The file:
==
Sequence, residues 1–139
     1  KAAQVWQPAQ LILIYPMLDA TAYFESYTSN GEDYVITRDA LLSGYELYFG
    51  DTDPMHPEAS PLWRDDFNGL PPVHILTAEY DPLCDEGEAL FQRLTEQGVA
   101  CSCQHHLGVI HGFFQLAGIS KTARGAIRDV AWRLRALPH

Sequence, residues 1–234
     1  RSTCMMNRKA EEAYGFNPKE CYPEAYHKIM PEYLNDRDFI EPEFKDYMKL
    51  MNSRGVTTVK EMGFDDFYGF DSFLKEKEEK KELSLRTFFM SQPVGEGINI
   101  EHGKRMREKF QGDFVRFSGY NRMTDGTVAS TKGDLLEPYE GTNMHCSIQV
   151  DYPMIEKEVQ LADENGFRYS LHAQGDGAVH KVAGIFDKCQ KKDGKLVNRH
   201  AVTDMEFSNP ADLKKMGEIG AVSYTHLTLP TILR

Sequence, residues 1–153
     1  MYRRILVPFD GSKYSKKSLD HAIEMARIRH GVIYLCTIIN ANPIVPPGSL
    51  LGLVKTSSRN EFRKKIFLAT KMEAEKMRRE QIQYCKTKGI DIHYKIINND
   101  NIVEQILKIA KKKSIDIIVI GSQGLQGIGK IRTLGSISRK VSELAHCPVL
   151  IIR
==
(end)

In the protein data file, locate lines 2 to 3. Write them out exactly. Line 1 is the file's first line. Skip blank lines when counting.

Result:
     1  KAAQVWQPAQ LILIYPMLDA TAYFESYTSN GEDYVITRDA LLSGYELYFG
    51  DTDPMHPEAS PLWRDDFNGL PPVHILTAEY DPLCDEGEAL FQRLTEQGVA